Political Theory: Visions of the Just/Good Society
What is justice? What is the role of power in domestic and international politics? What are the arguments for and against political equality? Should the state tolerate a variety of religious ideals and practices? By exploring these guiding questions in the company of Thucydides, Plato, Aristotle, Machiavelli, Hobbes, and Locke, this course serves as an introduction to ancient and early-modern political philosophy in the European tradition. Our goal is to interpret core texts in this tradition through careful reading and writing. In reflecting on the affinities, differences, and tensions generated by each thinker's vision of the good society, we will also aim to develop the faculties required for thinking critically about our own political horizons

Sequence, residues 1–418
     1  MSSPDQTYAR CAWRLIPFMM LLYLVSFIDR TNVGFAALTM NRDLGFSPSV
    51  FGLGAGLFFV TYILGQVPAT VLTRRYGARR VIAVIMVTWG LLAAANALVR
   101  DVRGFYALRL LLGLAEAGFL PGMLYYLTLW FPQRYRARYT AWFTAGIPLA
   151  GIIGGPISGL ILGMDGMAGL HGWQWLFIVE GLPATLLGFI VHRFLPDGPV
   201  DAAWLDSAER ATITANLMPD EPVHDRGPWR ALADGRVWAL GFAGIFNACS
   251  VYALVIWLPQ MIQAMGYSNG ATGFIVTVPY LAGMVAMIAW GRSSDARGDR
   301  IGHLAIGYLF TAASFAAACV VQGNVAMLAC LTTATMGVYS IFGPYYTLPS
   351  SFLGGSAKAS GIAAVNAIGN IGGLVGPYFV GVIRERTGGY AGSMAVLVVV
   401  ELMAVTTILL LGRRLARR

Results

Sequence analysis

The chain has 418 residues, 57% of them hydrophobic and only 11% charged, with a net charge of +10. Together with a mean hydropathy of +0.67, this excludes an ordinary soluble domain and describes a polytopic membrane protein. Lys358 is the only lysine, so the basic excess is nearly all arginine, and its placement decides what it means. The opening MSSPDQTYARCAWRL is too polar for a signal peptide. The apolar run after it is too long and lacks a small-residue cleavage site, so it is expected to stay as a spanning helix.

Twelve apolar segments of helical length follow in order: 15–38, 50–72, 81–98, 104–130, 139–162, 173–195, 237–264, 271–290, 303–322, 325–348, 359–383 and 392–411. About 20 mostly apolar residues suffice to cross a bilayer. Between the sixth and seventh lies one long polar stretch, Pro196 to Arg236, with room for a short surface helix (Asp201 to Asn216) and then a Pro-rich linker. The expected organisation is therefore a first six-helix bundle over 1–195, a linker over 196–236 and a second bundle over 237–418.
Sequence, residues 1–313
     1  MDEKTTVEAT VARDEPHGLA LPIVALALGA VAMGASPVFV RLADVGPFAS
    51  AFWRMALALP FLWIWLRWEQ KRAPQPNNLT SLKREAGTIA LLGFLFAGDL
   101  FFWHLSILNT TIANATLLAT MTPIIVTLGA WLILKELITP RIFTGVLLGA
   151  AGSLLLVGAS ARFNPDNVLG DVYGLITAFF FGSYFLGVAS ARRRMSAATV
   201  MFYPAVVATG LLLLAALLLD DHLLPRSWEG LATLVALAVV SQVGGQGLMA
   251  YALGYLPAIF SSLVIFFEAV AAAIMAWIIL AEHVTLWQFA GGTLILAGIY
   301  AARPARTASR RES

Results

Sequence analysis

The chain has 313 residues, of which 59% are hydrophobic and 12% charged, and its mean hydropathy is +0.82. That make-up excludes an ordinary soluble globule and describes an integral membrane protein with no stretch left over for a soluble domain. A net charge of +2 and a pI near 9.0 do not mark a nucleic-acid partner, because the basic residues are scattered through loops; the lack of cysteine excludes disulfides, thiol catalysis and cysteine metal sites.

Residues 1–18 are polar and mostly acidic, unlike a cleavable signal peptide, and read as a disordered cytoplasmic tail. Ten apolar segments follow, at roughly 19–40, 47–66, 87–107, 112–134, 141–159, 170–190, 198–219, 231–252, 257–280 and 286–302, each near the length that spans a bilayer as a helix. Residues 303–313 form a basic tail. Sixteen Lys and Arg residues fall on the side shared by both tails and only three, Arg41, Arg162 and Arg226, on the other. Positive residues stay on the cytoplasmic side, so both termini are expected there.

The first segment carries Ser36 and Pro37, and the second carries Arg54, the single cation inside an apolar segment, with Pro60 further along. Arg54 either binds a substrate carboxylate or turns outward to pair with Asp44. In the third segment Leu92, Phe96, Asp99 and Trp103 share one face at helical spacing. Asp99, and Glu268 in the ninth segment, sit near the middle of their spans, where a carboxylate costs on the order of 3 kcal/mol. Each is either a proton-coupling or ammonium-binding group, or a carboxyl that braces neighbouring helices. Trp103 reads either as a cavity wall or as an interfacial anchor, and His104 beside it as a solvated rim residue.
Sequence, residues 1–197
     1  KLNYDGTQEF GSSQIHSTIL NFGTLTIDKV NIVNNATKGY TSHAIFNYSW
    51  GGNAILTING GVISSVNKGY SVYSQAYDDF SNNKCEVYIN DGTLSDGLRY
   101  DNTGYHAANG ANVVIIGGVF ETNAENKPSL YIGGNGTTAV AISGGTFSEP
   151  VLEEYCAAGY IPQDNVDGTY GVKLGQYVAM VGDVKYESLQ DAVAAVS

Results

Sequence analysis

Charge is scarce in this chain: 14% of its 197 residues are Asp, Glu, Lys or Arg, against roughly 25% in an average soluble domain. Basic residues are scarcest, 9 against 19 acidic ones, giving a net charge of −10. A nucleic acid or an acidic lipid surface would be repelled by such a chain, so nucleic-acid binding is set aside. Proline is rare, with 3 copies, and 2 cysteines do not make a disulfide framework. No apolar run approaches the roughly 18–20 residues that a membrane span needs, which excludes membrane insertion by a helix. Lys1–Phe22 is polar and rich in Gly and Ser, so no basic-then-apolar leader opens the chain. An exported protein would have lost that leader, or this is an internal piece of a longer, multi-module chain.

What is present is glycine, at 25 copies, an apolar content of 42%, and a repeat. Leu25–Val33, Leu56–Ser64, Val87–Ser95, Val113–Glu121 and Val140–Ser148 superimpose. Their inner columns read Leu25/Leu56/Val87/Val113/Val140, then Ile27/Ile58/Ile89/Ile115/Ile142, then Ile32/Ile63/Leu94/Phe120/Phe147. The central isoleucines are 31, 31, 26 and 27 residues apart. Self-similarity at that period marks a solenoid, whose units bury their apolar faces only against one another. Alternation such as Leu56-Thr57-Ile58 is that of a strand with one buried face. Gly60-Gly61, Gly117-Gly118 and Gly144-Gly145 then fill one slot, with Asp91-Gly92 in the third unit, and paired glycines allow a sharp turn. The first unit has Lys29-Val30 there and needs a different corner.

Plato, Republic; Aristotle, Politics; Niccolò Machiavelli, Selected Political Writings (The Prince and the Discourses on Livy); Thomas Hobbes, Leviathan; John Locke, The Second Treatise of Government and A Letter Concerning Toleration.
Format and Requirements